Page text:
uncategorizedArmory Week 2015
Wednesday, March 4th, 2015

“Their Grandparents Would Have Called It A Salon”: Report from SPRING/BREAK


Guy Nelson, Say Uncle, 2014. Resin and Wood on Panel, 12 x 12 inches. Courtesy of the Artist

Guy Nelson, Say Uncle, 2014. Resin and Wood on Panel, 12 x 12 inches. Courtesy of the Artist

SPRING/BREAK has been described by one of our correspondents – contributing editor Nora Griffin, who is herself exhibiting at this fair – as “like the anti-Forever Now. Very fresh and full of material experimentation.”  In an email Griffin says the fair, in its fourth installment and in a new location, “brought up a feeling of PS 1’s 1976 “Rooms” show”, which accords with the organizers self-description as a “curator-driven art fair”.  She has work in two rooms, “Paradise Cafe” (Room 3109) curated by Olivia Smith for Exhibition A, and”Green” (Room 4008) curated by RJ Supa and Erin Goldberger.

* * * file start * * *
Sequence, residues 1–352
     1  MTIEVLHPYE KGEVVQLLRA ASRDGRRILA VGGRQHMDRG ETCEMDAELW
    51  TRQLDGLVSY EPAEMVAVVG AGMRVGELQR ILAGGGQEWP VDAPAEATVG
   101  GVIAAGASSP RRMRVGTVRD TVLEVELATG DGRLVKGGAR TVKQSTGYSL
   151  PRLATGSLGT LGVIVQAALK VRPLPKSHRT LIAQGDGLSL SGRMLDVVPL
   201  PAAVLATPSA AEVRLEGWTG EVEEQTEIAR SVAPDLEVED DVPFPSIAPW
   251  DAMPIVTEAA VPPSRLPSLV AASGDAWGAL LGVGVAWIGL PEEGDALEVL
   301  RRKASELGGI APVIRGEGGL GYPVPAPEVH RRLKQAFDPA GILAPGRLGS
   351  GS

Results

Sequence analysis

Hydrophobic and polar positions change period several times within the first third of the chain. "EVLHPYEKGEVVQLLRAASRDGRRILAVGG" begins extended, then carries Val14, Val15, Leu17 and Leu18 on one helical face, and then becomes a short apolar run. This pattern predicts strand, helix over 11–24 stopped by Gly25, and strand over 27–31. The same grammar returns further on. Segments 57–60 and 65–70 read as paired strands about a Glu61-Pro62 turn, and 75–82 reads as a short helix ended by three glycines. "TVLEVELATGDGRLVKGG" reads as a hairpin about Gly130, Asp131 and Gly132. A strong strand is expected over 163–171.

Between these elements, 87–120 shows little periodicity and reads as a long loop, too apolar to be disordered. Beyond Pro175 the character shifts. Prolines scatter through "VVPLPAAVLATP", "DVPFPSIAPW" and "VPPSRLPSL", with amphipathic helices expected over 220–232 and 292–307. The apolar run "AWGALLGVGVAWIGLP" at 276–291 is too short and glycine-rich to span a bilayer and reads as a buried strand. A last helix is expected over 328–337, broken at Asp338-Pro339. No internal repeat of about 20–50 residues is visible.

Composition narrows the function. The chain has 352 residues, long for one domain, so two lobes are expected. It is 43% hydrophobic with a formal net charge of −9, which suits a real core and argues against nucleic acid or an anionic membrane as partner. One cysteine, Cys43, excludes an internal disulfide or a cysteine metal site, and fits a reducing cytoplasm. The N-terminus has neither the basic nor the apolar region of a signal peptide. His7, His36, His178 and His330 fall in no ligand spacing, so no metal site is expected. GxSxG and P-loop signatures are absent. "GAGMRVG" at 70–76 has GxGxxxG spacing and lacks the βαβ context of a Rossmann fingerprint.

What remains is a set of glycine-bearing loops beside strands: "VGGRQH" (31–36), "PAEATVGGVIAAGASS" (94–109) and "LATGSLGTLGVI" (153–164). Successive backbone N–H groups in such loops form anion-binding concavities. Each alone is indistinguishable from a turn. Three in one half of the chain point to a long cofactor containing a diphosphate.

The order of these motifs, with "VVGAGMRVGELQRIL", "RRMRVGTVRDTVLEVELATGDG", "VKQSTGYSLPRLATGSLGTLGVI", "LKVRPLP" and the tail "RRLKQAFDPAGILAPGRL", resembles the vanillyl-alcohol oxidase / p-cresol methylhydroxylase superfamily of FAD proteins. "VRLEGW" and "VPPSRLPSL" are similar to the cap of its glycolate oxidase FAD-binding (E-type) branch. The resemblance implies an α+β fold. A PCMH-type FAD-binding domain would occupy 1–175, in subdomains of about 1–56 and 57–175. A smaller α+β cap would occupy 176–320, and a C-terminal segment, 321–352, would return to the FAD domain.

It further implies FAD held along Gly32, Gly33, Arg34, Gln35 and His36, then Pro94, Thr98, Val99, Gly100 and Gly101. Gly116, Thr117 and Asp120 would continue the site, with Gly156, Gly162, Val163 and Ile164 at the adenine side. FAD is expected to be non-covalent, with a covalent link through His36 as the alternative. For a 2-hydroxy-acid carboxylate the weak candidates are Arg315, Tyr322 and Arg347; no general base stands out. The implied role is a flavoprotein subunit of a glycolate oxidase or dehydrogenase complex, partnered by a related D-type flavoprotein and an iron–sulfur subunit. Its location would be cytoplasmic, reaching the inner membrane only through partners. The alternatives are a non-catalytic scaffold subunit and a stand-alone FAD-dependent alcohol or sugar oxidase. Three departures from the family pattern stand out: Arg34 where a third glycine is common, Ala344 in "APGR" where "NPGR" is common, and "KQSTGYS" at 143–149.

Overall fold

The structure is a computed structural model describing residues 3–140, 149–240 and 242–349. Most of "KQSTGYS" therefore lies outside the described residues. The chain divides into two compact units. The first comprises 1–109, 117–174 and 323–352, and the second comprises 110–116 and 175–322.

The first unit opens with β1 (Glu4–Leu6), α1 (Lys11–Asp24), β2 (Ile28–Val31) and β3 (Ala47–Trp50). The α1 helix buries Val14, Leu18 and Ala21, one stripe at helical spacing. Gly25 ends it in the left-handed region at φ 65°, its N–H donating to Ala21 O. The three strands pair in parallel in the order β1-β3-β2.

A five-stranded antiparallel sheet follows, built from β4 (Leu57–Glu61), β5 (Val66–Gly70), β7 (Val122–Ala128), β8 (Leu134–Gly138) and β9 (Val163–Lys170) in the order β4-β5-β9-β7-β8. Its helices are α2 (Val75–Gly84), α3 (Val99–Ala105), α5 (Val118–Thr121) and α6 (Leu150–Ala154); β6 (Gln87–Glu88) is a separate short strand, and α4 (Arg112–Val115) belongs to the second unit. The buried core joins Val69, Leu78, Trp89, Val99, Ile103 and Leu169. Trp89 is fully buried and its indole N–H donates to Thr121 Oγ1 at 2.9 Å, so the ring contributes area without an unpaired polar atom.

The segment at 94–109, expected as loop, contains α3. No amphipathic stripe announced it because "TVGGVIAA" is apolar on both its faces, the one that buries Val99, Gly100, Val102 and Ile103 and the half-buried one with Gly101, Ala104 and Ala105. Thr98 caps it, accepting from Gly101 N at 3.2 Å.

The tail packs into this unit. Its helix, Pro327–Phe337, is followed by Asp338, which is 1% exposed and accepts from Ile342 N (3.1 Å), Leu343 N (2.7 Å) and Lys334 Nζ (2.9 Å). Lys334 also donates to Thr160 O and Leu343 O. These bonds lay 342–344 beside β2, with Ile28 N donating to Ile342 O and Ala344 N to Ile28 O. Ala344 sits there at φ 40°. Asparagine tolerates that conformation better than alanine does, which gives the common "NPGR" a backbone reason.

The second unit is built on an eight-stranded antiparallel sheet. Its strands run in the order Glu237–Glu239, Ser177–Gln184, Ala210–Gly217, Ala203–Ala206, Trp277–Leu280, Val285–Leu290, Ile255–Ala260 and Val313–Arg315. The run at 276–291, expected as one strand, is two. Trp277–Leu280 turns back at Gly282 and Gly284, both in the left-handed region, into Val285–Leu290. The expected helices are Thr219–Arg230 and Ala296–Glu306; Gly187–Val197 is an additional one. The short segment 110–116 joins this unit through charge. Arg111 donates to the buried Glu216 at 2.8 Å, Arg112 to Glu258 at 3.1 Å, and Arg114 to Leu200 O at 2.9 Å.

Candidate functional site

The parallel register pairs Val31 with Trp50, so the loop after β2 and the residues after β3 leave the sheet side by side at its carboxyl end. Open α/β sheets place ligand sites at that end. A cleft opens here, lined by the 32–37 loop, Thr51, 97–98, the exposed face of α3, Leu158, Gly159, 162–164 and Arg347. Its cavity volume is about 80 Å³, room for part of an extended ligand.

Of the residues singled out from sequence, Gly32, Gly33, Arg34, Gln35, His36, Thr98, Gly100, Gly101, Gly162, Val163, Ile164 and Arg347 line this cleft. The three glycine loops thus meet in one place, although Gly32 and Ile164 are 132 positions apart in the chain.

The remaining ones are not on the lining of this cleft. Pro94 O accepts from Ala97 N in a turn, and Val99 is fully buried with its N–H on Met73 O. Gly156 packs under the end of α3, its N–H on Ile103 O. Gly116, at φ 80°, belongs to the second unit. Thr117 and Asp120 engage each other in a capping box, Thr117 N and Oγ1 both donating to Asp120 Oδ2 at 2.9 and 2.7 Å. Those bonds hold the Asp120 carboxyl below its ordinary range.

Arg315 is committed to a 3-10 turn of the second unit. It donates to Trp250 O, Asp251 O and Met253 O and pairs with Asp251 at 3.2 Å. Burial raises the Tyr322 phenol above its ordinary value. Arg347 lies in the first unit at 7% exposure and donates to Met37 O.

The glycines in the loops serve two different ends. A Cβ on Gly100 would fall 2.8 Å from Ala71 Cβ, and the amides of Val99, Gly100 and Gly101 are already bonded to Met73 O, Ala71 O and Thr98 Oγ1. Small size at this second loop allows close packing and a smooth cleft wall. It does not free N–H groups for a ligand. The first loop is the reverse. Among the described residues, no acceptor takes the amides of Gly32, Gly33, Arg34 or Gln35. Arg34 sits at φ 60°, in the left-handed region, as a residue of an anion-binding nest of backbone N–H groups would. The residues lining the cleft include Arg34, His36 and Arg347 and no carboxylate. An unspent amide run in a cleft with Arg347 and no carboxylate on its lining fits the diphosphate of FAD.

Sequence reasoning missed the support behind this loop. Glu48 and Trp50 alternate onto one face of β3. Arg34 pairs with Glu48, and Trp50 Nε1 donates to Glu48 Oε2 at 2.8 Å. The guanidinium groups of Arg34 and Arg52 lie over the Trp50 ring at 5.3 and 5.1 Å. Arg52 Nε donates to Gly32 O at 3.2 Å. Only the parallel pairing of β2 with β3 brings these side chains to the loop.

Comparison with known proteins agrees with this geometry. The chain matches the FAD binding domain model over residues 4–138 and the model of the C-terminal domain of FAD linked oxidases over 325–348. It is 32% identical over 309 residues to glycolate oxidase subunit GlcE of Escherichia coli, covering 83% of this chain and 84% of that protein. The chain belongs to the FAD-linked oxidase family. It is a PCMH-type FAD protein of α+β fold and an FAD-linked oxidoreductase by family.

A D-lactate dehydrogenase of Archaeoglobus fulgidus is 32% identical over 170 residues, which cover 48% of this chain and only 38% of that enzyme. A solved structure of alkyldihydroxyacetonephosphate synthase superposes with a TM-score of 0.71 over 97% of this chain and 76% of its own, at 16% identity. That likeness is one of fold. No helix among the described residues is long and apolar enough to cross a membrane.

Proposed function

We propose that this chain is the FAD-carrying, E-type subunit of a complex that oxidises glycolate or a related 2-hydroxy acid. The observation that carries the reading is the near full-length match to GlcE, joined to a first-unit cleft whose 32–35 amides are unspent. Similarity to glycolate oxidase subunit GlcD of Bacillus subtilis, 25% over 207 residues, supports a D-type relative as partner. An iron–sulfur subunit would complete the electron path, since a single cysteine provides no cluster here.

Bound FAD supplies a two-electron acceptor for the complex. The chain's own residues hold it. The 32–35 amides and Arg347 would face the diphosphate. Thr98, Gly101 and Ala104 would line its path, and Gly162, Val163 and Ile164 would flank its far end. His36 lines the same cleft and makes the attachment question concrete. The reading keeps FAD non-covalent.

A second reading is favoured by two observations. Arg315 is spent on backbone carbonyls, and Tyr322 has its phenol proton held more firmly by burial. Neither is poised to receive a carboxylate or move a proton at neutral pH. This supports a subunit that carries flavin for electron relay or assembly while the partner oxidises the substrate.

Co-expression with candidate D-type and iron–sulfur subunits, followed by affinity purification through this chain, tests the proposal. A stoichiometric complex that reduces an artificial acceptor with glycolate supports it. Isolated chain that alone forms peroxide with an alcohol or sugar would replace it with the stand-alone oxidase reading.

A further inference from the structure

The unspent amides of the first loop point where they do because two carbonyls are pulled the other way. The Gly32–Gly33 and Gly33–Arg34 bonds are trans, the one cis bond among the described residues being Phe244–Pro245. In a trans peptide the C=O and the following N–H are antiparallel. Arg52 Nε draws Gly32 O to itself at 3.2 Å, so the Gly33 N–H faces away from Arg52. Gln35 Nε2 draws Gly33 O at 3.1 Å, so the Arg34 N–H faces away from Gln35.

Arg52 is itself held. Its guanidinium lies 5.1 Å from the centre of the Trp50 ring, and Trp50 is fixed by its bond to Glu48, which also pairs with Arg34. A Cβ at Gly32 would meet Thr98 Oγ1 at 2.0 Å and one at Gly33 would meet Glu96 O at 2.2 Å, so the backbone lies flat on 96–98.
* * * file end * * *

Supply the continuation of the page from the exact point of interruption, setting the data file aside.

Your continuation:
The fair is located in Moynihan Station, in three floors of former offices above the main Post Office on 34th Street, in offices from the 1940s seemingly untouched in the interim.  The event presents the work of 90 curators and over 400 artists.  Kris Chatterson and Vince Contarino, for instance, curators who work under the title Progress Report, have curated The Ecstasy of Influence in Room 4030 where the artists include Erik den Breejen, whose Alex Chilton, 2010, is pictured here.

Guy Nelson is co-curator with David Packer of “Enter Aquarium” in Rooms 3107-05-09, in which they both also exhibit as artists. Aquarium, which Nelson founded in 2013, is a group of artists that meet sporadically in each other’s studios with invited guests.  “For practical and poetic purposes they meet under the name Aquarium,” Nelson writes intriguingly in a statement. “Their grandparents would have called it a salon.”

Skylight at Moynihan Station is at the north-west corner of 31at Street and Eighth Avenue, and the fair runs through the weekend, noon to 8pm daily, to 6pm Sunday.  Admission is $10

Erik den Breejen, Alex Chilton, 2010.  Acrylic on canvas, 16 x 20 inches.

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